Once more, a large hospital system has climbed in bed with a friendly TV station to promote high-end services, using a TV health reporter as its pitchman. The St. Louis Post Dispatch tells us that Barnes-Jewish Hospital and KSDK health reporter Kay Quinn have teamed up for a ten-month project that will feature weekly news segments with Quinn answering questions about cancer using experts from the hospital’s Siteman Cancer Center. The project also calls for the hospital to produce two-minute stories on cancer prevention that will air during commercial breaks in some newscasts. For its part, the station will host monthly phone banks and online chats with Siteman doctors.

Imagine all the new business that will come to Barnes-Jewish because of its collaboration with a supposedly impartial news outlet. Impartial is the operative word here. Apparently the Post-Dispatch reporter wasn’t able to pin down the financial details, but she did get the cancer center’s marketing director to say “we were looking for a way to push that message (about cancer prevention) even further and perhaps get a bit more regional.” She said the hospital approached the station, an NBC affiliate, and said: “‘Here’s what our need is, help us develop a program that will help us meet that need.’”

The station’s news director, Mike Shipley, told the paper that KSDK would do stories about cancer that would feature Barnes-Jewish doctors even if they didn’t have a financial tie to the hospital. Wow, what a statement! Are there no other cancer experts in the area, or in the country, who can speak authoritatively about the disease? He also maintained that the station had editorial control over news segments sponsored by the cancer center. “I fail to see the conflict,” he said. “Who’s against curing cancer?”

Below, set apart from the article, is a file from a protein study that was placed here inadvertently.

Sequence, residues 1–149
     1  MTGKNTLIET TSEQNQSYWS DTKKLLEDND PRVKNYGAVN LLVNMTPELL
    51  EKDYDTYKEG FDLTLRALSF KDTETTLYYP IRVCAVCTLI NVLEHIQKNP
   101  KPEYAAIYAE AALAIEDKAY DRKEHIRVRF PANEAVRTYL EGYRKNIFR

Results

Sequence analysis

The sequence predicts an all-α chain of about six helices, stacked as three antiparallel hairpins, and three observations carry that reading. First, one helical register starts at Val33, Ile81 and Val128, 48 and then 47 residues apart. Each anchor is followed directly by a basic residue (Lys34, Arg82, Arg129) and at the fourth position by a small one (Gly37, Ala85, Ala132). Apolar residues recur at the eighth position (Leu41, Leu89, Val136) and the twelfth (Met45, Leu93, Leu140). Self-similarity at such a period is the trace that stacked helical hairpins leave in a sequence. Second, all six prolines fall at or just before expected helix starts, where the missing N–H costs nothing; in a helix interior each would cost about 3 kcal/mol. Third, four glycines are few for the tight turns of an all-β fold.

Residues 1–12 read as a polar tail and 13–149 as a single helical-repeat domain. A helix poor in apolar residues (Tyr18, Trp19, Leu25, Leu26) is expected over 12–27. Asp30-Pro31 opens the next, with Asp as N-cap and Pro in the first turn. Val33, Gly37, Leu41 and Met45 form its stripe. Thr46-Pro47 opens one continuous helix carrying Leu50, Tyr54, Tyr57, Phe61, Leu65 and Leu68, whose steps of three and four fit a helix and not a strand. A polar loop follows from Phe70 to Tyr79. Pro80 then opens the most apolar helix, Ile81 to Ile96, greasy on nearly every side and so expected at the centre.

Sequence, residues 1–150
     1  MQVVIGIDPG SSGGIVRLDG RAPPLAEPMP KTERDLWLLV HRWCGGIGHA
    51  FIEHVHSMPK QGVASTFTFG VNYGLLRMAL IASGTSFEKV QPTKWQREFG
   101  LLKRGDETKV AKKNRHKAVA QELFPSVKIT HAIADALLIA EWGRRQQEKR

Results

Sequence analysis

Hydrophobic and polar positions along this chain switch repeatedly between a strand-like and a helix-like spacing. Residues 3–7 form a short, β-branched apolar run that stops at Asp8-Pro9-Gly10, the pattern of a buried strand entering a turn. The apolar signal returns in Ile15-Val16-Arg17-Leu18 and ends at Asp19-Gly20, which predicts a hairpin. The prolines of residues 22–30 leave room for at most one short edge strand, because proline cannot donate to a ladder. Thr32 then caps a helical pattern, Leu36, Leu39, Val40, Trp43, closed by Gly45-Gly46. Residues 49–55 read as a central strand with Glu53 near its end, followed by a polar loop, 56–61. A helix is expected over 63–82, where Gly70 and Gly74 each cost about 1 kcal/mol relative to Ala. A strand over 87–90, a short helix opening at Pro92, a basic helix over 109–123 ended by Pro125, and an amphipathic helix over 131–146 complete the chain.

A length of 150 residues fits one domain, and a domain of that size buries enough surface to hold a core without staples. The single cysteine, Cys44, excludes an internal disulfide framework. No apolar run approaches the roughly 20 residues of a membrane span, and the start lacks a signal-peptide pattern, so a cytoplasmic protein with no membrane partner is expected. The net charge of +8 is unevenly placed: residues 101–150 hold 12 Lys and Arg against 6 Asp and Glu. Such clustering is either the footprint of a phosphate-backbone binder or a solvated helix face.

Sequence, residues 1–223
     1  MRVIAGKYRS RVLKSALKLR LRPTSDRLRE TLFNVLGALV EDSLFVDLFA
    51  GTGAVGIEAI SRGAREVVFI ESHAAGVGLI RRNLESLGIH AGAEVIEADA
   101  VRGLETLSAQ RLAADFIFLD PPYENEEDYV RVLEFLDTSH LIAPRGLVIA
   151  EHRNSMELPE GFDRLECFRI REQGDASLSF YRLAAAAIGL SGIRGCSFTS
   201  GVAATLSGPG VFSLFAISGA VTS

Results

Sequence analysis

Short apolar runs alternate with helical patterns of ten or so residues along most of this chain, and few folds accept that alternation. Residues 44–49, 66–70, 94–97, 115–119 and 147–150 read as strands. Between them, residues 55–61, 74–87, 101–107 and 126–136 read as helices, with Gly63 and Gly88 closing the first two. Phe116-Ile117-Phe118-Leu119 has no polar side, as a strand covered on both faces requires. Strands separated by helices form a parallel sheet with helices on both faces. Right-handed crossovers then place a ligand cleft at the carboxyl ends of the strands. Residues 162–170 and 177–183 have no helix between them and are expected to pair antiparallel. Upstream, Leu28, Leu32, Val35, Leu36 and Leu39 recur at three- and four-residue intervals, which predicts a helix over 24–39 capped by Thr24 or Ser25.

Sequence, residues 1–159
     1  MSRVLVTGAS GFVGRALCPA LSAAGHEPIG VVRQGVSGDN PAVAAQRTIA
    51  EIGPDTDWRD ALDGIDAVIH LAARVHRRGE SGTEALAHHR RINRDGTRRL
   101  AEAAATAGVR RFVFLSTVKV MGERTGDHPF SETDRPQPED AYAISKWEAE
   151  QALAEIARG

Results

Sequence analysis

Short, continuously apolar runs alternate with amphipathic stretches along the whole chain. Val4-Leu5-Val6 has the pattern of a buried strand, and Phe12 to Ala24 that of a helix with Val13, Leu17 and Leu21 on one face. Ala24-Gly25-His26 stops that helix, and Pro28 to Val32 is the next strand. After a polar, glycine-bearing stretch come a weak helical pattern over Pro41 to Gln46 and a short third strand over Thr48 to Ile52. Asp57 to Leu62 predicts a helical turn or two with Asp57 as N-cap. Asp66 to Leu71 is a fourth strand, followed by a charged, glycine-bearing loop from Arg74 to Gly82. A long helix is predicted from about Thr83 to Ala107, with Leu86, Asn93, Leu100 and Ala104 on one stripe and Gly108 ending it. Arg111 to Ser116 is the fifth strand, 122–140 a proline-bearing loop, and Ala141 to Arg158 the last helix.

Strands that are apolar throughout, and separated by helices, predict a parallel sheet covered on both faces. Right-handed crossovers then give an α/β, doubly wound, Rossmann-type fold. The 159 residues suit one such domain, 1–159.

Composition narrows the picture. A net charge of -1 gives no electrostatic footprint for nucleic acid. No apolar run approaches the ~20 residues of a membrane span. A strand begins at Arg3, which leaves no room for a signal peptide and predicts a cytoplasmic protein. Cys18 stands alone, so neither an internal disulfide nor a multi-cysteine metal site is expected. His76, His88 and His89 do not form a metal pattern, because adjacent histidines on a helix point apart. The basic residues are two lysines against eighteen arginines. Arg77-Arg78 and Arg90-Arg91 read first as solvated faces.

Well, nobody. But that’s not the point. It’s who is telling the story about the cures and what other voices are brought into the reportorial mix. These relationships are something we at CJR know a lot about. In the March/April 2007 issue of CJR, we published a definitive story on hospital-television station relationships, and discovered that too often the TV reporters were forbidden under the contract with the hospital to consult other experts, as good journalists are supposed to do. A hospital might tout some whiz-bang procedure that brings in big bucks, but with shaky medical evidence for its superiority. One reporter told me that her deal meant that she could not bring alternative points of view from other institutions into her stories. Is the public misled by this practice? We don’t know whether Quinn can consult other experts or challenge comments and advice given by Barnes-Jewish physicians.

The paper got into a tepid discussion of the ethics of these arrangements. Clearly, they raise ethical questions when the TV reporter stars in commercials for the hospital’s cancer center event. That’s what Quinn is doing. More important, though, is what, if anything, can be done to police them and sanction stations and hospitals that engage in these practices. A couple of years ago I talked about our CJR story at a gathering of hospital marketing officials from academic medical institutions. I damn near got lynched. One stood up and said she saw nothing wrong with what they were doing, asking who was I to suggest otherwise.

The Post-Dispatch story cited ethical guidelines from the Radio Television Digital News Association and the Association of Health Care Journalists. I am immediate past president of that group. The reporter might have told readers that while such guidelines are useful, they are just that—guidelines with no power to make hospitals or TV stations behave. The comment from Shipley regarding Quinn’s work on behalf of the hospital makes the point. “I’m happy for anybody to promote my talent and to promote the newsgathering operation we have here,” he told the Post-Dispatch. Contrast that with Glen Mabie, the former news director of WEAU-TV in Eau Claire, Wisconsin, who resigned in protest after the station agreed to run medical stories suggested by Sacred Heart Hospital featuring employees and services the hospital wanted to promote. The Society of Professional Journalists gave Mabie its ethics award. It’s doubtful Shipley is in the running for one.

Trudy Lieberman is a fellow at the Center for Advancing Health and a longtime contributing editor to the Columbia Journalism Review. She is the lead writer for The Second Opinion, CJR’s healthcare desk, which is part of our United States Project on the coverage of politics and policy. Follow her on Twitter @Trudy_Lieberman.